Banks v. University of Alaska Anchorage et al

Filing 4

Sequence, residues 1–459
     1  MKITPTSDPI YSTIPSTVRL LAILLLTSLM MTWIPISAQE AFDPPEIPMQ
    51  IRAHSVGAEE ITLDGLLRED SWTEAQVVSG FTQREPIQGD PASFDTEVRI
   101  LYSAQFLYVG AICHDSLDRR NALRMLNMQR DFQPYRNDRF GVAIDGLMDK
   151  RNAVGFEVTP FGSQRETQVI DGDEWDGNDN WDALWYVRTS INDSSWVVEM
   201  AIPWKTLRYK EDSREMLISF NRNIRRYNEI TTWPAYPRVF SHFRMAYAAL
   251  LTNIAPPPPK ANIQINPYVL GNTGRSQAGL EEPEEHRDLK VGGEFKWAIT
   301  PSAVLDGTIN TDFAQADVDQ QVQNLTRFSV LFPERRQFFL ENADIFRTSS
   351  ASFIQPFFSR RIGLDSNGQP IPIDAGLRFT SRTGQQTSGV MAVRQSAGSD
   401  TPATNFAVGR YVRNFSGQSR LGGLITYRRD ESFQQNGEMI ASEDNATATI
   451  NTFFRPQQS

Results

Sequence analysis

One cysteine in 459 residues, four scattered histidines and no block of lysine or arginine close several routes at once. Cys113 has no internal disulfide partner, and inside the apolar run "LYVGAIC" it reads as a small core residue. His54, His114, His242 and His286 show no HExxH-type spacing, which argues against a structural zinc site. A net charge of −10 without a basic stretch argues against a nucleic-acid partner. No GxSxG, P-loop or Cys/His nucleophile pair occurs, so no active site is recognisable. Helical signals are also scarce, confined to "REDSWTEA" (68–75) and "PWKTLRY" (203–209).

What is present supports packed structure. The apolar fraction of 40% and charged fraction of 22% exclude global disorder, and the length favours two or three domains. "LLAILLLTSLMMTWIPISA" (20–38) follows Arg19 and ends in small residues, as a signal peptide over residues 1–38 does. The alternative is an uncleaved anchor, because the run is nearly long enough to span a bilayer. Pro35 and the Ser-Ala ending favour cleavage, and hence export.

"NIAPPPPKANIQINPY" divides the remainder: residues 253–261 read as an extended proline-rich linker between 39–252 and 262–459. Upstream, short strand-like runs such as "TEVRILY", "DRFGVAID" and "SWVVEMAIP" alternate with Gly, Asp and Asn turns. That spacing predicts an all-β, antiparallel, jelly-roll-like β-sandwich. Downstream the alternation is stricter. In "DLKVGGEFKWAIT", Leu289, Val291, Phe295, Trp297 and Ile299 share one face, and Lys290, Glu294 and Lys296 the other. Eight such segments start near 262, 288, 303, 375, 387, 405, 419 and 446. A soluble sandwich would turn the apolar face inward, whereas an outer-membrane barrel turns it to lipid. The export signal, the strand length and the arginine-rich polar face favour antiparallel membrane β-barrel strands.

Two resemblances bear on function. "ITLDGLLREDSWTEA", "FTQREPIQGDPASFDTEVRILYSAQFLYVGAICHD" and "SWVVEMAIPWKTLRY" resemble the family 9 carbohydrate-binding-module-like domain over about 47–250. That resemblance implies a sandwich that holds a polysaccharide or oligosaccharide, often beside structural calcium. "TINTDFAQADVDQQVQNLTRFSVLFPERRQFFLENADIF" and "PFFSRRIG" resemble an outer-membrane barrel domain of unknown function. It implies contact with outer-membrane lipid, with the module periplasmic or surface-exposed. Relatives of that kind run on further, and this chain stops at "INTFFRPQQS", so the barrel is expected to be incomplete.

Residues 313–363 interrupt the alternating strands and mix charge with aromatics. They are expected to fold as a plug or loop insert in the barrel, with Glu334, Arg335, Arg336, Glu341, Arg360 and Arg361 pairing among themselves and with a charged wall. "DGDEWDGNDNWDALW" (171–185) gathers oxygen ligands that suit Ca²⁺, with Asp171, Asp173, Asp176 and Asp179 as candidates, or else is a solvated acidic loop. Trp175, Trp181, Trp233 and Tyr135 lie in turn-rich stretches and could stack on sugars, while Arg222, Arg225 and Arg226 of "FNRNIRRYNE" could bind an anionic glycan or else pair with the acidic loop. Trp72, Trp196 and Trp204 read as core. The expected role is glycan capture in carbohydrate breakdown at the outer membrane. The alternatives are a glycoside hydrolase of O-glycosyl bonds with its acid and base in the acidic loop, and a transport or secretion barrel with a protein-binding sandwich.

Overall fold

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IN THE UNITED STATES DISTRICT COURT FOR THE DISTRICT OF ALASKA AZJA BANKS, Plaintiff, v. Case No. 3:23-cv-00082-SLG UNIVERSITY OF ALASKA ANCHORAGE, et al., Defendants. STANDING ORDER FOR SELF-REPRESENTED LITIGANTS The Clerk has received filings from self-represented litigant Azja Banks that have been docketed and assigned a case number in the Case Management/Electronic Case Files (CM/ECF) system, as set forth above. Docketed items are the official court record. As required by federal law, the Court will next “screen” the filing to ensure it is appropriate for litigation. Please note: This process can take anywhere from a few weeks to a few months, depending on how many cases are filed with the Court at any given time. Typically, cases are reviewed in the order in which they are received by the Court. This order is intended to provide general information about civil litigation to self-represented litigants. It is not a substitute for legal advice from an attorney. While the Court may act with leniency towards a self-represented litigant, attorneys and self-represented litigants are expected to follow the same rules and procedures.1 Until a screening order has been issued, the Court discourages the filing of any motions or documents with the court. The Court cautions that filing unnecessary motions or attempts to serve other parties without guidance from the Court may result in the summary denial of motions, orders prohibiting such filings, or delay in the litigation. In civil cases where a self-represented litigant has moved to waive the filing fee, federal law requires the Court must evaluate the claims made in the Complaint. Under 28 U.S.C. § 1915, a case must be dismissed, if the action is: - frivolous or malicious; - fails to state a claim on which relief may be granted; or - seeks damages from a Defendant who is immune from such relief, suit, or otherwise inappropriate. If the Court finds your filings deficient, the Court may provide a statement of the deficiencies and guidance on to how to fix any deficiencies. However, if the Court finds that the deficiencies cannot be fixed, the Court may dismiss the case without any further notice or guidance or give you an opportunity to voluntarily Motoyama v. Hawaii, Dept. of Transp., 864 F.Supp.2d 965, 976 (2012); see also King v. Atiyeh, 814 F.2d 565, 567 (9th Cir. 1987), overruled on other grounds by Lacey v. Maricopa Cty., 693 F.3d 896 (9th Cir. 2012) (establishing self-represented litigants are bound by the same procedural rules as represented parties). 1 Case No. 3:23-cv-00082-SLG, Banks v. University of Alaska Anchorage, et al. Standing Order for Self-Represented Litigants Page 2 of 5 withdraw your filing.2 If the Court finds that plausible claims exist in the filings, then the case can proceed to the next stage of litigation. The Court will then issue the summons along with an Order Directing Service and Response explaining the requirements of completing service on the opposing party. Upon the Court’s direction, all service must be performed in accordance with Rule 4 of Federal Civil Procedure. IT IS THEREFORE ORDERED: 1. Self-Represented litigants are expected to review and comply with the Federal Rules of Civil Procedure, the Local Civil Rules, and all Court Orders.3 Failure to do so may result in the imposition of sanctions authorized by law, including dismissal of this action. 2. Self-Represented litigants should be ready to diligently pursue the case to completion. Missing a deadline or otherwise failing to pursue a case may result in the dismissal of this action. Hartmann v. California Dep't of Corr. & Rehab., 707 F.3d 1114, 1130 (9th Cir. 2013) (“A district court may deny leave to amend when amendment would be futile.”). 2 Federal Rules of Civil Procedure:; Court’s Local Rules: 3 Case No. 3:23-cv-00082-SLG, Banks v. University of Alaska Anchorage, et al. Standing Order for Self-Represented Litigants Page 3 of 5 3. At all times, all parties shall keep the Court informed of any change of address or phone number. Such notice shall be titled “Notice of Change of Address.” The Notice shall contain only information about the change of address, and its effective date.4 The Notice shall not include requests for any other relief. A Notice of Change of Address form, PS23, may be obtained from the Clerk of Court, if needed. 4. All litigants are responsible for keeping copies of everything filed with the Court. As a courtesy, the Clerk’s Office will keep original filings from Self-Represented litigants, including exhibits, for 180 days from the date the document was filed. However, litigants should not send important original documents or documents that cannot be replaced to the Court. If an original must be returned, a Motion for Return of Document should be filed as soon as possible. 5. When the Court receives a filing, the Clerk’s Office will mail a Notice of Electronic Filing (“NEF”) from the Court that indicates when the document was filed and the docket number of the document in the electronic case file for this case. 6. Copies of documents filed with the Court may be obtained from the Clerk’s Office See Local Civil Rule 11.1(b) (requiring a notice of change of address to be filed, as “[s]elfrepresented parties must keep the court and other parties advised of the party’s current address and telephone number.”). 4 Case No. 3:23-cv-00082-SLG, Banks v. University of Alaska Anchorage, et al. Standing Order for Self-Represented Litigants Page 4 of 5 for 50 cents per page. Litigants and members of the public may also print information from the Court’s Docket using the public computer terminal located in the Clerk's Office for 10 cents per page. In the event of special circumstances or serious financial need, a litigant may file a motion asking for the copying costs to be waived or reduced. Litigants may also set up an account for online access to electronic records through the Public Access to Court Electronic Records (PACER) service. 7. All case-related inquiries should be directed to the Clerk’s Office. It is not permissible to write, telephone, or otherwise try to directly communicate with the judge assigned to your case or any other court employee. Contact the Clerk’s Office for questions regarding procedure or assistance accessing legal forms and resources. Please be advised that Clerk's Office staff are prohibited by law from providing legal advice. 8. The Clerk of Court is directed to send the District Court’s handbook, “REPRESENTING YOURSELF IN ALASKA’S FEDERAL COURT” with this order. DATED this 22nd day of May, 2023, at Anchorage, Alaska. /s/ Sharon L. Gleason UNITED STATES DISTRICT JUDGE Case No. 3:23-cv-00082-SLG, Banks v. University of Alaska Anchorage, et al. Standing Order for Self-Represented Litigants Page 5 of 5